Slippedisc daily comfort zone (49): Too much?

Slippedisc daily comfort zone (49): Too much?

Daily Comfort Zone

norman lebrecht

June 04, 2021

This is the height of decadence from Franz Schreker, a swansong from the start of his career.


  • John Borstlap says:

    A type of music in the tradition of Brahms’ works for chorus and orchestra like:

    Schicksalslied, Op. 54
    Alto Rhapsody, Op. 53
    Begräbnisgesang, Op. 13
    Nänie, Op. 82
    Gesang der Parzen, Op. 89

    The harmonies are added with Wagnerian chromaticism but underneath the music is as Gründlich as Brahms’, in its structure. It is beautiful, and almost exactly in the style of Schoenberg’s early music (Verklärte Nacht, Gurrelieder, Pelles und Melisande). This closeness will certainly have contributed to Schoenberg’s wish to take distance – Schreker quickly became very successful, so it must have been ‘bourgeois fake music’.

    Decadence? I don’t hear that at all. It’s very full music, it’s rather like sitting in a heavy-scented full flower garden after a meal that was too bulky. Norman, you sound like the early Viennese modernists, who discussed the destruction of the bourgeois Kaffeehauskultur in its very premises.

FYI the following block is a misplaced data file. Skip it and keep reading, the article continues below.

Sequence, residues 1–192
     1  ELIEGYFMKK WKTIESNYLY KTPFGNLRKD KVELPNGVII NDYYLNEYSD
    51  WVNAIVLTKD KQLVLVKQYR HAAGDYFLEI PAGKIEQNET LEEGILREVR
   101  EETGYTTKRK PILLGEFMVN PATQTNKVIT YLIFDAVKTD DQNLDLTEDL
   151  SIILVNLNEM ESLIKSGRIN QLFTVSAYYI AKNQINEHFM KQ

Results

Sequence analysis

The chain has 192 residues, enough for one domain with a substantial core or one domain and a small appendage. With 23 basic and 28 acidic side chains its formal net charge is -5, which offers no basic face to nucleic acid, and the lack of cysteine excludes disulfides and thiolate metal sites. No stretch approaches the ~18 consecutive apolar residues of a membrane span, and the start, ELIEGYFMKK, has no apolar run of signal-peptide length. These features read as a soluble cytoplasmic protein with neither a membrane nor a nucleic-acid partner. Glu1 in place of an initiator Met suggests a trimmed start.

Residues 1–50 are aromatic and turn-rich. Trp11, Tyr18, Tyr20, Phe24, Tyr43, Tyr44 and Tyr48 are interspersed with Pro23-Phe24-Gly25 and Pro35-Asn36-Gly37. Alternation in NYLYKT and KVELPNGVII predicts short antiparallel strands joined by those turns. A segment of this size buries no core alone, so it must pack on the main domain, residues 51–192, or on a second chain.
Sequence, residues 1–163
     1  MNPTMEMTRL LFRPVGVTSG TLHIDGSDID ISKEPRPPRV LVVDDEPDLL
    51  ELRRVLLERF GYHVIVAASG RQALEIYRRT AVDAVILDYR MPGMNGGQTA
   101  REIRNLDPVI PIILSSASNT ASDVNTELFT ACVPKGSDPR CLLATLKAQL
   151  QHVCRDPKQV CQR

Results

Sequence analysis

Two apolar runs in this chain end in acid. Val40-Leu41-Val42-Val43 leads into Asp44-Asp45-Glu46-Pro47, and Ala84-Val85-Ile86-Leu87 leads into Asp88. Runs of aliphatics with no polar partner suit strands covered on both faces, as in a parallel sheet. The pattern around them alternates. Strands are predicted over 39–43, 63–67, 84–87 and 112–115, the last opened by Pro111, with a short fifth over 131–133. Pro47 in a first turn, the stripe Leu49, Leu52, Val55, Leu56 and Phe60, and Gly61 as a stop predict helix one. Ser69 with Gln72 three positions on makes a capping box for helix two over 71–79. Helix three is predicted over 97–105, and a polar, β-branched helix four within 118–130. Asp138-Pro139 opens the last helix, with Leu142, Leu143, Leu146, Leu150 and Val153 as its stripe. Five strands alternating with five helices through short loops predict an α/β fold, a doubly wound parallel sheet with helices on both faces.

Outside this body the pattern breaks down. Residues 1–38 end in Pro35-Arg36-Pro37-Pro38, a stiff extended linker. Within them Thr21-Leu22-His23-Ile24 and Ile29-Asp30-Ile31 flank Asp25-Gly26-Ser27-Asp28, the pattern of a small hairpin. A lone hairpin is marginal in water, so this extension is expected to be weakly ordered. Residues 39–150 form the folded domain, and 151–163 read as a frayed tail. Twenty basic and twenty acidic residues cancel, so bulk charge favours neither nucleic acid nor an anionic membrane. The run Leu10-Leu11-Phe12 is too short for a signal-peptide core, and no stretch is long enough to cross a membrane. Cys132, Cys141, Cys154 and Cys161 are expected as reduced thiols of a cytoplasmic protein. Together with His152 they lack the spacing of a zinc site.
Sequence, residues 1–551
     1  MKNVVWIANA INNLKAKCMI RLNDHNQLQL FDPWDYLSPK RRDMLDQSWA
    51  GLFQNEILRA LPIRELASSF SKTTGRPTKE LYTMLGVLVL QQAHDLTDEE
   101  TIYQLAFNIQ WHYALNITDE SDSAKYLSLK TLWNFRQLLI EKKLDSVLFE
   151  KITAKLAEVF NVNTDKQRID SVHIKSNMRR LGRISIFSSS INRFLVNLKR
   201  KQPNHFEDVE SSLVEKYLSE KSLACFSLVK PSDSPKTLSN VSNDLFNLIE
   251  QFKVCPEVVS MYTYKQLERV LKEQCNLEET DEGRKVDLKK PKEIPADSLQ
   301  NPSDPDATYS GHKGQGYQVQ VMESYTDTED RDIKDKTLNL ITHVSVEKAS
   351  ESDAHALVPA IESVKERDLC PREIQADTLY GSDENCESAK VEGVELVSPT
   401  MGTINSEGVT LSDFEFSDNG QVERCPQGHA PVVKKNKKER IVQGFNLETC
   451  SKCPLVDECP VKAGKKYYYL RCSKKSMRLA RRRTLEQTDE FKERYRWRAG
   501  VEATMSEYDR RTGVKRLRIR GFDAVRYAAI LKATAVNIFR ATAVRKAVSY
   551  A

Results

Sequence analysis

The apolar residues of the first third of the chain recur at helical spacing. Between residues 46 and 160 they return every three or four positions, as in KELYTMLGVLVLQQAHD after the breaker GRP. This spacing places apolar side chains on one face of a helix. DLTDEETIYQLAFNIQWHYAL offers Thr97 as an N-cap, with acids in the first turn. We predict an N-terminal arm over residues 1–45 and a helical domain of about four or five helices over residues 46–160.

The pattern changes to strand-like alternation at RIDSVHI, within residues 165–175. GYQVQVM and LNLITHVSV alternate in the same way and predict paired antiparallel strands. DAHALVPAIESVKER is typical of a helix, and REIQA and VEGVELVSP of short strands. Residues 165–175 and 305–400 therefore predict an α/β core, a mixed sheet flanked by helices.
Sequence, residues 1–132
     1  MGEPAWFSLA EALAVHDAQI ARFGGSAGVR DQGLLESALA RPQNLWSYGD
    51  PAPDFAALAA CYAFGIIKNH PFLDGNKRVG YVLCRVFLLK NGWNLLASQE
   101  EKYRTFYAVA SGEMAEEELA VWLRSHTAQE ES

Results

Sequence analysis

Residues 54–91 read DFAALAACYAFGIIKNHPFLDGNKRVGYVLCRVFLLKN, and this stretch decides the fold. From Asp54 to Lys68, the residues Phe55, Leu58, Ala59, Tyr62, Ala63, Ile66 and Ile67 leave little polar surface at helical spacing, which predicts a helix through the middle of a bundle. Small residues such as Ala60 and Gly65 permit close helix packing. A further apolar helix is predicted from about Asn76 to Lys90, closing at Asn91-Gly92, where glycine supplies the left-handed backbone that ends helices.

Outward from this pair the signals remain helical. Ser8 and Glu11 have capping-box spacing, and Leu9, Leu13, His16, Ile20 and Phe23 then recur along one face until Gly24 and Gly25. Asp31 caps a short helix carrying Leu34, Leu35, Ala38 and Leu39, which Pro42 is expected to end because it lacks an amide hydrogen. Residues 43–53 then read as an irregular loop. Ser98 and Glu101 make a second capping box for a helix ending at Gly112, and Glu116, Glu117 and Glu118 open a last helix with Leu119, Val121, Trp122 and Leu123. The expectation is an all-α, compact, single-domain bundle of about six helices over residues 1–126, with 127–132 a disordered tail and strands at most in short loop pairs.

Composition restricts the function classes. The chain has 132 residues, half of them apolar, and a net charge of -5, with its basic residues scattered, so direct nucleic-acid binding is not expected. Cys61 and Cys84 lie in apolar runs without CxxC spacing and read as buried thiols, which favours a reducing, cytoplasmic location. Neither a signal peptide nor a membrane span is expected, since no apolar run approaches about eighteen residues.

Later-on, Schreker added French impressionist colours to his orchestral palette.

    More attention for Schreker is something to be welcomed, I think – much of it is very good and full of surprises. Also it would be fair, reading about the Untergang of his life and career.

  • David K. Nelson says:

    Way back in the 1970s, London records (Decca in the UK) released an LP of rare overtures conducted by the doughty veteran Kurt Herbert Adler with the National Philharmonic Orchestra, released to honor the 50th anniversary of his conducting debut and his 25 years with the San Francisco Opera. It’s title was “Adler of the Opera.”

    One of the most intriguing was Die Gezeichneten (“The Branded”) Overture by Schreker — richly orchestrated and dripping with decadence. It was as if Gustav Klimpt’s style and methods had been set to music. I’m not sure I could sit through an entire opera’s worth but that Overture became the most-played part of that LP at my house. I put the LP aside in the CD era but am actually glad I found it to write this comment as I’d like to re-listen and see if my enthusiasm for the music has changed any now that I am in my dotage.

  • sabrinensis says:

    There’s nothing decadent about Schreker. It’s a ridiculous characterization of his and others advanced orchestral capabilities. A triad plus added notes hardly equals decadence. This really needs to stop.